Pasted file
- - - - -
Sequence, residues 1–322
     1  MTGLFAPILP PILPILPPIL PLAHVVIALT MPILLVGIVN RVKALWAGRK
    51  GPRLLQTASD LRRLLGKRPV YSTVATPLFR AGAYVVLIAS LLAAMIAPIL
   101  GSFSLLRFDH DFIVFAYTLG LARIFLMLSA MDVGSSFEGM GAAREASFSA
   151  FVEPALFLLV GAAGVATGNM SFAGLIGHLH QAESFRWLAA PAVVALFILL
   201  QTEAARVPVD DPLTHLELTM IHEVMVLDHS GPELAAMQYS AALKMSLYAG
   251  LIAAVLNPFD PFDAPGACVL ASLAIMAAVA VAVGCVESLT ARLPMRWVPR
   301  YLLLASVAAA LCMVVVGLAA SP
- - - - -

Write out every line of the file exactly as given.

Sequence, residues 1–322
     1  MTGLFAPILP PILPILPPIL PLAHVVIALT MPILLVGIVN RVKALWAGRK
    51  GPRLLQTASD LRRLLGKRPV YSTVATPLFR AGAYVVLIAS LLAAMIAPIL
   101  GSFSLLRFDH DFIVFAYTLG LARIFLMLSA MDVGSSFEGM GAAREASFSA
   151  FVEPALFLLV GAAGVATGNM SFAGLIGHLH QAESFRWLAA PAVVALFILL
   201  QTEAARVPVD DPLTHLELTM IHEVMVLDHS GPELAAMQYS AALKMSLYAG
   251  LIAAVLNPFD PFDAPGACVL ASLAIMAAVA VAVGCVESLT ARLPMRWVPR
   301  YLLLASVAAA LCMVVVGLAA SP